June 15, 2021
A group of fishermen off the coast of New Jersey were in for a surprise last weekend when they hooked a baby great white shark near Seaside Heights.
The shark was caught by sport fishermen on the Reel Innovation Sportfishing boat, owned by the fishing supply company based out of Warminster, Bucks County. The boat docks in Harvey Cedars, Ocean County.
A Facebook video of the catch shows the shark beside the boat as the crew prepares to release it. Captain Jeff Warford confirmed the shark was hooked about a mile off the coast of Seaside Heights in about 50 feet of water. The shark measured about 7 feet and it took about 20 minutes to safely free it.
First for me. Baby Great white we caught today a mile off the beach. Luckily the @lindgren_pitman circle hook landed right in the corner of its mouth for a safe release. @jakebowless @thefishermanmag @cortlandline @fish_shimano_north_america #jaws #sharkweekPosted by Reel Innovation Sportfishing on Sunday, June 13, 2021
Warford and his crew were out fishing for thresher sharks, a species that is legal game in New Jersey and tends to be spotted along the East Coast searching for bunker fish this time of year. Thresher sharks, known for their long caudal fins, can grow to be more than 20 feet in length including the tail. They're not considered a threat to humans in part because they have small mouths.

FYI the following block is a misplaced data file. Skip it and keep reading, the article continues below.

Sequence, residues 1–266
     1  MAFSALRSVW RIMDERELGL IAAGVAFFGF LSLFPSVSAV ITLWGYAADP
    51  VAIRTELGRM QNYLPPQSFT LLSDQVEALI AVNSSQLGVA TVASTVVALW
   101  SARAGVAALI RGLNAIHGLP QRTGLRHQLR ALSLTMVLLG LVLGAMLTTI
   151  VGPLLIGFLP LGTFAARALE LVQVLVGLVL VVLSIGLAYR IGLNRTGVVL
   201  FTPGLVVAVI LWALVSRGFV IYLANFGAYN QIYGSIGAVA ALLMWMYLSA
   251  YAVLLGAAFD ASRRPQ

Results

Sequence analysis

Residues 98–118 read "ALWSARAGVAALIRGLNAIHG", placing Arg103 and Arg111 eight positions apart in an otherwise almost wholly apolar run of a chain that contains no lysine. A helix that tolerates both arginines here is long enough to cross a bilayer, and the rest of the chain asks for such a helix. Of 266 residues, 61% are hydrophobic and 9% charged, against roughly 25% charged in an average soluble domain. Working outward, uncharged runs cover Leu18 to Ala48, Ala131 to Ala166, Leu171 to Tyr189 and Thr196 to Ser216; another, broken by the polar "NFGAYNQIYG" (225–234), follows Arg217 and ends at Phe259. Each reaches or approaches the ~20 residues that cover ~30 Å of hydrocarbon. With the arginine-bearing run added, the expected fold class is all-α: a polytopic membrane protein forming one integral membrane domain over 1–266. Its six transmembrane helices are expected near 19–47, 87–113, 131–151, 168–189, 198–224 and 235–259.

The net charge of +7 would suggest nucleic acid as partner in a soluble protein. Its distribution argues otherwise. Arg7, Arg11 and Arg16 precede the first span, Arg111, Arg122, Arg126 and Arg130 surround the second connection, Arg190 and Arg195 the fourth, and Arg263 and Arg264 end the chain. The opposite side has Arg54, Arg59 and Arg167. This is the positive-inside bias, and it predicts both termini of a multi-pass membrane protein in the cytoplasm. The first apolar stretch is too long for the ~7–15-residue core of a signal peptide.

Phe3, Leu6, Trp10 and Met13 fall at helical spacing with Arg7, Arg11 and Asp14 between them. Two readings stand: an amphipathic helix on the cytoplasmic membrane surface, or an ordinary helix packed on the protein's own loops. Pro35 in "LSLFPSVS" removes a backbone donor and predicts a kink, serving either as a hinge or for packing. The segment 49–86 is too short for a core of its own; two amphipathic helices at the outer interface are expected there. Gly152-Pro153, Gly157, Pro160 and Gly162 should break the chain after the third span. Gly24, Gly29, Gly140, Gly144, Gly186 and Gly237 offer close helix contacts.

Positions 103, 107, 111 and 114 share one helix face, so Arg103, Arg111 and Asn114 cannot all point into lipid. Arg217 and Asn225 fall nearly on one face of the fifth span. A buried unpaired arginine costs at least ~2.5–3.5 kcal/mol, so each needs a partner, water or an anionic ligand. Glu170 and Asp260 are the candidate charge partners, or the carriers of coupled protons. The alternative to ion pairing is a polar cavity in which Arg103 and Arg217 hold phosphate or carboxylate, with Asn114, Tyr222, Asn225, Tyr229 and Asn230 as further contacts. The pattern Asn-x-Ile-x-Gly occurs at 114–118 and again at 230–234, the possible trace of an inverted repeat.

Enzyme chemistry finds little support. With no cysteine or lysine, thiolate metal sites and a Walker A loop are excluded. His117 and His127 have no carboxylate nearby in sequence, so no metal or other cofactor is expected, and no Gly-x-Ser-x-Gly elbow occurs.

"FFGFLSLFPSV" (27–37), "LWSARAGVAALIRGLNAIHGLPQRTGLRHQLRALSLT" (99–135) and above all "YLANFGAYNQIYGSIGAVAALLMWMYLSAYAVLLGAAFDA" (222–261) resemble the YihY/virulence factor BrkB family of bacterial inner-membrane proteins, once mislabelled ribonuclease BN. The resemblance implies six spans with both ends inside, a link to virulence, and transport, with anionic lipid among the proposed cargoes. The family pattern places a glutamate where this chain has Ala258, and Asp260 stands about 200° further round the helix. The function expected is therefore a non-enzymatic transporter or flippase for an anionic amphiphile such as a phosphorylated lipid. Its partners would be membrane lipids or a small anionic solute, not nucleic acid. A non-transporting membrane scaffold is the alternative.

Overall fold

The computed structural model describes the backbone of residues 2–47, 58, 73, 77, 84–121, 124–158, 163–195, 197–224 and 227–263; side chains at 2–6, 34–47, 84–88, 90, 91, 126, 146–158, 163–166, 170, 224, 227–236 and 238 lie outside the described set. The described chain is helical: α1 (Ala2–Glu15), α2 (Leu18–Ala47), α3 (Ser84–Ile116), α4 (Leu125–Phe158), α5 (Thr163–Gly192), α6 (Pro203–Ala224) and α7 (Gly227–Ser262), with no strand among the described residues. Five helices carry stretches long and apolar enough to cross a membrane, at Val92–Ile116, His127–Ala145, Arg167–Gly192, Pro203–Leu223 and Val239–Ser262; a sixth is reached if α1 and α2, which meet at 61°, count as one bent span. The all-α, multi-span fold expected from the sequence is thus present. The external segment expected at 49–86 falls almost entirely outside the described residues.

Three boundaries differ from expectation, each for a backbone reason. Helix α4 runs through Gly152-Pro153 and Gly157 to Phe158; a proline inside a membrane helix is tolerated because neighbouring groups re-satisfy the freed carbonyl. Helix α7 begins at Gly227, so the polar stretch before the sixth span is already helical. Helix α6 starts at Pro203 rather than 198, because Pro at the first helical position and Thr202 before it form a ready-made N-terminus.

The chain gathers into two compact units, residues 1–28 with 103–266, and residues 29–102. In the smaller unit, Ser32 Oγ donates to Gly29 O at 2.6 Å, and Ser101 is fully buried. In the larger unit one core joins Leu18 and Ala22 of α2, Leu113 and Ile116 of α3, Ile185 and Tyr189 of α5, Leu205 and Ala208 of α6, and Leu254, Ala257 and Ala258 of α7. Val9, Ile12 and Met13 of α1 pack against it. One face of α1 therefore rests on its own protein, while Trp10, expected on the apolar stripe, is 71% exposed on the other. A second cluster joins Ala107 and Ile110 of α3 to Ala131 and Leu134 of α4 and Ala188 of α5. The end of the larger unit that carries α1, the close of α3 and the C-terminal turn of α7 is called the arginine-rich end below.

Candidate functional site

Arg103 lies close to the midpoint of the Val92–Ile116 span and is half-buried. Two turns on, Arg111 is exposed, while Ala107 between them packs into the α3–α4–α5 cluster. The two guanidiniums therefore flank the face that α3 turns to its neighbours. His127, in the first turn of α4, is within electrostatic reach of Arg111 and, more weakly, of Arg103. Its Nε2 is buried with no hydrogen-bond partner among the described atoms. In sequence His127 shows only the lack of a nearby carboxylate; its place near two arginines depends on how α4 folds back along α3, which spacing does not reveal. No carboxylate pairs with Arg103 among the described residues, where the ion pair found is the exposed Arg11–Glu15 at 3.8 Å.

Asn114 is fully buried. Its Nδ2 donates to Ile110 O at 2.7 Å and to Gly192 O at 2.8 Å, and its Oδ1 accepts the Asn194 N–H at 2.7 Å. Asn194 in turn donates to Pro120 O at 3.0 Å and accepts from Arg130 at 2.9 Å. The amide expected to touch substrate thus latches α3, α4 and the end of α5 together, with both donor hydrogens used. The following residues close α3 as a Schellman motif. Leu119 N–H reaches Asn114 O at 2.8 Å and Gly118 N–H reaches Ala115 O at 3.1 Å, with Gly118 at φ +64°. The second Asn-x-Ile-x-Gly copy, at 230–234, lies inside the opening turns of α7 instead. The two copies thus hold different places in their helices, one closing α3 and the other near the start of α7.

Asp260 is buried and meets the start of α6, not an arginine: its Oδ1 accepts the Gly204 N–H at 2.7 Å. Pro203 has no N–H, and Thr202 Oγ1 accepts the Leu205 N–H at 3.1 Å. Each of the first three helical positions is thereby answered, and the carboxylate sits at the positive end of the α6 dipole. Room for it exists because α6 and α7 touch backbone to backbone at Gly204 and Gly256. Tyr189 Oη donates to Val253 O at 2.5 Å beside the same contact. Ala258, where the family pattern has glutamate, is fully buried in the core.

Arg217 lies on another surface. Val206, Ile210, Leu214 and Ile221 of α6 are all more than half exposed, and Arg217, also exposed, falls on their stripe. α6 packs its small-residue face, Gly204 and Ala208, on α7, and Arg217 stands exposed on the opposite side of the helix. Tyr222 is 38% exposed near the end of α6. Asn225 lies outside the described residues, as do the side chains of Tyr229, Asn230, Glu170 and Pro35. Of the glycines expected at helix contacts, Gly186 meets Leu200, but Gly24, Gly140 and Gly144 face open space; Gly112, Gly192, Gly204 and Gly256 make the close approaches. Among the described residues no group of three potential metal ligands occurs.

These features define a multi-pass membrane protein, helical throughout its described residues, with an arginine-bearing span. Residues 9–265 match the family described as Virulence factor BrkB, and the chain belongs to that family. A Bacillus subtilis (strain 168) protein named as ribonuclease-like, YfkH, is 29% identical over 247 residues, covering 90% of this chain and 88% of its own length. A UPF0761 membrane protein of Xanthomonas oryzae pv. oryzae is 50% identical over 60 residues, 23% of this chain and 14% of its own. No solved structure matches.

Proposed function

At first, Warford said he and his small crew thought they'd caught a thresher fish. The shark had bit the line about 75 feet from the boat and then charged at it, swimming under the bow. Warford fought with the shark for about 15 minutes before he realized what he had.
"I didn't know what it was," Warford said. "Then I saw it and I was like, 'Oh my god, it's a great white.'"
Warford said he's been fishing for 35 years and has been a pro captain since 2013. This was the first time he ever caught a great white shark and only the second time he had ever seen one.
"Typically fishermen, if they do see a great white, they only see it," Warford said. "We were using bunker and this one was super aggressive. I think it was young and dumb, didn't know any better. A bigger great white, they know something's up when they see the line. This young one obviously was just hungry and wasn't smart enough to see that it was attached to a line."
Great white sharks have become more common along the Northeast coast in recent years due to several factors. Conservation efforts and a mandate on the use of circle hooks for sport fishing, as seen in the video above, have helped populations recover and reduce mortality when they are inadvertently caught. Warming waters and booming seal populations also have drawn great white sharks further north in greater numbers.
Public education about great white sharks has been enhanced by the work of OCEARCH, a nonprofit organization that collects and analyzes data on shark populations. Tagged sharks are tracked as they travel along the coast, creating pings that help researchers understand the sharks' movements.
Another white shark reported locally near shore. It’s good to see these critters making a come back and it’s also great...Posted by Fishermans Headquarters on Sunday, June 13, 2021
As recently as last Saturday, a female great white shark named Martha – about 7 feet in length – was pinged off the coast of Asbury Park and had been as far south as Long Beach Island in late May. Another female sub-adult great white shark named Andromache also was tracked miles off the South Jersey coast in late May, as far south as Avalon and as far north as Surf City. Andromache measures about 10 feet, 8 inches in length.